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BioPhotonics Preview - November/December 2023

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Here is your first look at the editorial content for the upcoming November/December issue of BioPhotonics.

Live Cell Imaging

Live cell imaging, powered by AI and advanced microscopes, allows the study of dynamic processes, behavior and functions over time. It is particularly useful when an endpoint is unknown, for example in the long-term study of disease progression or pharmaceutical treatments. The largest segment of this growing market is time-lapse microscopy, which has fueled a number of recent developments. For example, the Bright Eyes time-tagging module, developed in the EU, is rooted in FPGAs that can tag single-photon events, capturing them in real time in multiple dimensions (such as protein aggregation). And line-scanning Brillouin microscopy uses light’s interactions with thermal vibrations in a cell to capture mechanics over space and time. A number of companies are working on advanced software which provides automated z-stacking to reconstruct images from 2D into 3D noninvasively. Other companies are marketing specialized illumination that can help improve imaging speed with a minimum of phototoxicity. Drug discovery, cancer research and neuroscience are some of the key areas that are fueling this innovation and institutions and companies in that space will continue to dominate the live cell imaging market.

Key Technologies: AI, time-lapse microscopy

Light-Sheet Microscopy

Light sheet microscopy, also known as selective plane illumination microscopy (SPIM), is a powerful imaging technique used in a wide range of research fields. It is characterised by a thin sheet of laser light illuminating a specimen; simultaneously, the fluorescent information is captured by an uncoupled detection objective perpendicular to the imaging axis. Understanding whether SPIM is the ideal choice can be a dilemma for many scientists. In this practical article, a diverse team, spanning from biologists to physicists and end-users to microscope developers, collaborates to provide a comprehensive practical guide. We will examine the advantages of SPIM imaging, explore geometries, address the data processing challenges, and provide a brief insight into the future of SPIM imaging. Together, whether you seek practical hands-on insights or aim to grasp the potential of SPIM, this article is aimed as practical resource.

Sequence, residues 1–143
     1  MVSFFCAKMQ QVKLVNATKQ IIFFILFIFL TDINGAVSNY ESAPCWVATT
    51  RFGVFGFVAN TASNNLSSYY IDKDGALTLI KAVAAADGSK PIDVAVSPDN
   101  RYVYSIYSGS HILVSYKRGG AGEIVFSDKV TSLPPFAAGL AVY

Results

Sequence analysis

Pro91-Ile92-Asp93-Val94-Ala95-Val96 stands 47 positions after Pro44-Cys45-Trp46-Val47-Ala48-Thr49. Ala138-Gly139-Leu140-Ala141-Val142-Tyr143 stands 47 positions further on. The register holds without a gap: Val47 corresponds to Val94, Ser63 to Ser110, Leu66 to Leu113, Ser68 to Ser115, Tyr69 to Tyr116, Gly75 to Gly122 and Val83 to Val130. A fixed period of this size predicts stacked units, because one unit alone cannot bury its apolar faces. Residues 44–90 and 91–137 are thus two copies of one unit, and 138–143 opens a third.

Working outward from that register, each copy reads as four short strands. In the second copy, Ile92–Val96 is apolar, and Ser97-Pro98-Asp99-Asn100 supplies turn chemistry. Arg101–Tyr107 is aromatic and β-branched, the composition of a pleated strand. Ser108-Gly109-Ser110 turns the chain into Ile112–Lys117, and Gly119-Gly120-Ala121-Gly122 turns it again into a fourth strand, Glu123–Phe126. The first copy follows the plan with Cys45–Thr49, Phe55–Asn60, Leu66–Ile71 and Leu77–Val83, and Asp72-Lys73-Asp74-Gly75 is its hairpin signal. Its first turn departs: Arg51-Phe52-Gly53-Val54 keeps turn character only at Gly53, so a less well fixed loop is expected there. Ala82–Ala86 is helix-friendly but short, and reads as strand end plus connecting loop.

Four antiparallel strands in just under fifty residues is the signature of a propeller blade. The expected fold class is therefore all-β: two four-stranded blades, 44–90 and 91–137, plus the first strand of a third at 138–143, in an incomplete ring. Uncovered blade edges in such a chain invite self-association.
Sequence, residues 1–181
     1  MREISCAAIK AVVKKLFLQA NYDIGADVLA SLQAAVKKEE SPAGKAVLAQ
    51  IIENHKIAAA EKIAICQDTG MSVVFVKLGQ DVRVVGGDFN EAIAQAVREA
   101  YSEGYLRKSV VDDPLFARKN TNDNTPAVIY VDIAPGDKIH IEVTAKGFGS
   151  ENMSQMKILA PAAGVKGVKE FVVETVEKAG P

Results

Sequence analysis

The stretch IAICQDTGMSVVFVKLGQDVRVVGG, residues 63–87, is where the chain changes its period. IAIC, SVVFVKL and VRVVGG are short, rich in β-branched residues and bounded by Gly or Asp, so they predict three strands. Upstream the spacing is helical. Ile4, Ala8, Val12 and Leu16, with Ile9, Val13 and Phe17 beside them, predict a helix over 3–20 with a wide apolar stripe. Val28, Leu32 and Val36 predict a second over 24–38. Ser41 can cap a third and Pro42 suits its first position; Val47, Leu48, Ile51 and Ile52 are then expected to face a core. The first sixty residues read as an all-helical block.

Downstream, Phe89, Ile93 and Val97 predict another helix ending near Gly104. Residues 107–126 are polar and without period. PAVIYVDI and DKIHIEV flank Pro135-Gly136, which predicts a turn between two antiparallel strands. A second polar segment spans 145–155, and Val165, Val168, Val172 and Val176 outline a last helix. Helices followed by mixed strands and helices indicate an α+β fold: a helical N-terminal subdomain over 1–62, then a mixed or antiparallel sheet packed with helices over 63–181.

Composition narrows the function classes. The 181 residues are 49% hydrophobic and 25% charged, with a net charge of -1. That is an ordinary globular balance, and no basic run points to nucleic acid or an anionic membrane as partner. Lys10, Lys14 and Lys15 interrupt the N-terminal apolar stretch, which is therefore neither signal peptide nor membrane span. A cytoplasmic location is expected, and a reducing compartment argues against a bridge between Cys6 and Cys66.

Key Technologies: Light Sheet Microscopy, Selective Plane Illumination Microscopy, lasers

Fluorescence Imaging

Necrotizing soft-tissue infections (NSTIs), commonly known as “flesh-eating bacteria,” are fast-moving and deadly. They occur when virulent bacteria infect fascia, the connective tissue that surrounds all structures in the body. Fascia provides a permissive environment for rapid bacterial advancement, and within hours, can lead to sepsis, multi-organ failure, and death. Standard-of-care has not improved substantially for decades: prompt, aggressive surgical removal of affected tissues and broad-spectrum antibiotics. Patients with NSTIs commonly present with non-specific symptoms, leading to frequent misdiagnoses and delays in care. NSTIs cause prominent vascular clotting in affected tissues. In this study, indocyanine green (ICG), a safe, vascular perfusion fluorophore, is intravenously administered to patients suspected of having NSTIs. Within seconds, ICG enables visual demarcation of local vasculature. Patients retrospectively confirmed to have NSTIs have distinct fluorescent signal voids in affected tissues, indicative of clotting caused by the infection. ICG imaging may expedite rapid identification and treatment of NSTIs, leading to improvements in patient outcomes.

Key Technologies: Fluorescence Imaging, ICG

Lasers and Multiphoton Microscopy

The ultrafast laser is the critical component underpinning all multiphoton excitation (MPE) microscopy methods. So it’s not surprising that the evolution of MPE microscopy is accompanied and enabled by a corresponding evolution in ultrafast laser sources. In this article, We will highlight three different areas of MPE microscopy and describe the key characteristics of the associated lasers. These are (a) In-vivo tissue imaging, particularly in neuroscience, where imaging depth, speed and versatility are important; (b) Pre-clinical and specialized applications where compact fixed wavelength lasers can be conveniently fully integrated into instrumentation; (c) emerging applications like three-photon excitation, which needs higher power at longer wavelengths.

Key Technologies: Ultrafast lasers, multiphoton microscopy

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